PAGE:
Arcade games are literally the oldest form of publically available video games in history. Many people mistakenly believe Pong, created by Atari, was the first video game for public consumption, but this is untrue. A year before Pong, the founders of Atari had created the very first arcade game machine for a game called Computer Space.
Note that we said ‘publically available’ because video games did sort of exist prior to Computer Space – but they were mostly developed for and played by computer scientists in the early 60s, not intended for commercial release. In any case, we don’t want to debate the semantics of “first” video games – we want to highlight the most popular arcade games from history!
Arcade games continue to be popular today, whether it’s physical arcade machines or arcade-style browser games. You can purchase a USB arcade stick, which makes games like Stickman Rope a lot more fun on the PC, rather than playing with a keyboard and mouse.
Fun fact: It doesn’t make the list, being relatively unknown, but 1986’s Turbo Kourier was the first arcade game to feature 3D polygonal graphics.
Developed in 1976 and published by Atari, the creation of Breakout was a joint effort between Nolan Bushnell, Steve Bristow, Steve Wozniak, and Steve Jobs. That’s a lot of Steves, yeah? In fact, Breakout served as the basis for the creation of the Apple II computer, and many of Apple II’s features were part of Steve Wozniak’s desire to include gaming as part of the Apple II experience.
As an arcade machine game, Breakout was Atari’s biggest arcade hit for a number of years, until they released Asteroids in 1979.
Space Invaders is considered the arcade game that totally revolutionized the video game industry. Created by Tomohiro Nishikado and manufactured in Japan in 1978, Space Invaders became an overnight blockbuster success, grossing $3.8 billion dollars in just 4 years. Space Invaders is credited as the first “shoot em up” game, and was ported to nearly every available home console and PC, and spawned probably a million clones.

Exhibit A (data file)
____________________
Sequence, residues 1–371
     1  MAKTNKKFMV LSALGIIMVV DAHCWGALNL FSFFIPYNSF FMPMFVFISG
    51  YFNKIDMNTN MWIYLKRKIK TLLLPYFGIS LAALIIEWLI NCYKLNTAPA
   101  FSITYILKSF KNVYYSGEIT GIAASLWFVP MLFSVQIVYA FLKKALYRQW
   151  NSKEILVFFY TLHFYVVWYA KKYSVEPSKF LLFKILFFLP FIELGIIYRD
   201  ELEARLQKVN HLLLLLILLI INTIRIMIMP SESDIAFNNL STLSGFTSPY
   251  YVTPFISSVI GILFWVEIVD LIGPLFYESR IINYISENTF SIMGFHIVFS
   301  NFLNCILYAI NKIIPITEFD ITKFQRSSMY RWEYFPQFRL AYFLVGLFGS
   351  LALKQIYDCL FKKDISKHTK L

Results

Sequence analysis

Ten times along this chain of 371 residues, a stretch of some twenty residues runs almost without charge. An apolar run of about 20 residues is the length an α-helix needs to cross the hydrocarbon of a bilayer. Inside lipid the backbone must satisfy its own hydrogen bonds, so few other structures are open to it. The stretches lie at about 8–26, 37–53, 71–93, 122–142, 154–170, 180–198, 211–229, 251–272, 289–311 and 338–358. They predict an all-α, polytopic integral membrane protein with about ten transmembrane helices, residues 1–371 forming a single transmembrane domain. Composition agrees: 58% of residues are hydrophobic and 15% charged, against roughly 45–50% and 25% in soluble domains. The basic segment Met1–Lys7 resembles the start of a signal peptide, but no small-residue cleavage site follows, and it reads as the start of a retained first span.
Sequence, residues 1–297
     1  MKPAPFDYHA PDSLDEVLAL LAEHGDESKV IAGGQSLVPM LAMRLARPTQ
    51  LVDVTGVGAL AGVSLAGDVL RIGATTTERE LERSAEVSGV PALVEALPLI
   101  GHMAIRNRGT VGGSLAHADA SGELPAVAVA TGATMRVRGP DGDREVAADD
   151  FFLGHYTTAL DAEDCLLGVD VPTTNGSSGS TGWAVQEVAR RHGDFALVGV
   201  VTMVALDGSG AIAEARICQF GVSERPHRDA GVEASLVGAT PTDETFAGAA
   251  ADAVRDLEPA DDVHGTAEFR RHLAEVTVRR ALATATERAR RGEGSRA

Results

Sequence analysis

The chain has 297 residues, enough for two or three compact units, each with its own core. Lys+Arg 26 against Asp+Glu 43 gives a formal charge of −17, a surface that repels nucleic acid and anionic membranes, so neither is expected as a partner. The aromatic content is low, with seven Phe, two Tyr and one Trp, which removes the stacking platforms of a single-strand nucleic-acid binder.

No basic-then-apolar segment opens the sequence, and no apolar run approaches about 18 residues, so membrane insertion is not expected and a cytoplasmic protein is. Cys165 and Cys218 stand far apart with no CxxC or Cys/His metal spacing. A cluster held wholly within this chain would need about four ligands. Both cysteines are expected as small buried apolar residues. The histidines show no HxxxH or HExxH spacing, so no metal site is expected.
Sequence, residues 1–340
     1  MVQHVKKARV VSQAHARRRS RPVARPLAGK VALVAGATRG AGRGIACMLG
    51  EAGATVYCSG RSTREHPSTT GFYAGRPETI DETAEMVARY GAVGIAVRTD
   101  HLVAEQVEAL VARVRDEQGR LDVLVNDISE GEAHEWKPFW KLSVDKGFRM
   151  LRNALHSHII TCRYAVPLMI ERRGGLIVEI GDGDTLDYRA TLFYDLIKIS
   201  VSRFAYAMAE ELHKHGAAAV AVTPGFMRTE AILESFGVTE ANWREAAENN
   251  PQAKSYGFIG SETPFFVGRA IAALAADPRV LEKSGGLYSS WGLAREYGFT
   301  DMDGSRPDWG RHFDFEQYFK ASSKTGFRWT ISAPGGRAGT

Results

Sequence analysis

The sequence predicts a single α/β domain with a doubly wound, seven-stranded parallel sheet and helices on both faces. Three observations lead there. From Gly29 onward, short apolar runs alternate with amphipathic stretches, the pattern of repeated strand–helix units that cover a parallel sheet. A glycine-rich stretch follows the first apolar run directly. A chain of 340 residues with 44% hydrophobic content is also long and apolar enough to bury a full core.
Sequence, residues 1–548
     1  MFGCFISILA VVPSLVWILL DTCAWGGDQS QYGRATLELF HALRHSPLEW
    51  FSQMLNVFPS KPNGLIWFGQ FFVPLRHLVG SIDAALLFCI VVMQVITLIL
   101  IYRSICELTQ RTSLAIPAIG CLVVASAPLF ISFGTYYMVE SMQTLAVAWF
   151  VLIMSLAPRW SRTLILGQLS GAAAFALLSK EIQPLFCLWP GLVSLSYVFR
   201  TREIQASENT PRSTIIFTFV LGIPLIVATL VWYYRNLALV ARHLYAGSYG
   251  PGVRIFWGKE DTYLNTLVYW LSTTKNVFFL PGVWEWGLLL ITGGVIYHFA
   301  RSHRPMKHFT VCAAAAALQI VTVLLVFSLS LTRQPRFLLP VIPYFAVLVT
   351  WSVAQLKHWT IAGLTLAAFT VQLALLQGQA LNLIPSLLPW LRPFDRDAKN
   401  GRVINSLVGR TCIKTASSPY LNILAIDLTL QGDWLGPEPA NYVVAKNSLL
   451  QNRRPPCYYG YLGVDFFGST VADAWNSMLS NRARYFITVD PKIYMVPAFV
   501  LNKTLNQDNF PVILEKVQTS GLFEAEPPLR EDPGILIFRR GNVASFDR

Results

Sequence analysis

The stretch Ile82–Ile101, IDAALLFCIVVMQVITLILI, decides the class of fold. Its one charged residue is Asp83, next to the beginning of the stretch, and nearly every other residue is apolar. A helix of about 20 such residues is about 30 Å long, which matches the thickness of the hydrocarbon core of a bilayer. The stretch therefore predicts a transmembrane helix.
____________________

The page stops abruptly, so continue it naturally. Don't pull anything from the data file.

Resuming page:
Some interesting facts: It was originally supposed to have the player shooting down airplanes, but Nishikado had trouble getting them to fly smoothly due to hardware limitations. His second idea was human enemies, but management at Taito Corporation forbade shooting human targets. So….aliens!
As mentioned earlier, Asteroids took over as Atari’s biggest hit in 1979, selling over 70,000 arcade cabinets. Atari raked in a cool $150 million USD from Asteroids, and it was ported to several consoles. Asteroids was actually based on an unfinished game titled Cosmos, and drew inspiration from previous space arcade games like Spacewar!, Computer Space, and Space Invaders.
Yeah, the 70s was full of space-themed games – blame Star Wars?
Another classic coming out of Japan in 1980 (you thought it was made in America?), Pac-Man was designed by Toru Iwatani of Namco. It was actually released in Japan as “Puck Man”, which came from the Japanese word ‘paku’, meaning “to chomp”. It was then licensed to Midway for distribution in the U.S. The title was changed to “Pac-Man” because U.S. vendors were afraid that vandals would change “Puck-Man” to something less…appropriate.
As one of the highest grossing video games of all time, Pac-Man raked in over $2.5 billion USD by 1990. It also spawned a cartoon show in 1982, and Pac-Man has appeared in over 30 spin-offs.
Fun fact: The game was designed to have “no ending”, so theoretically it should have an infinite amount of levels. But the original game corrupts on level 256, due to a bug in calculating the number of fruit for the level.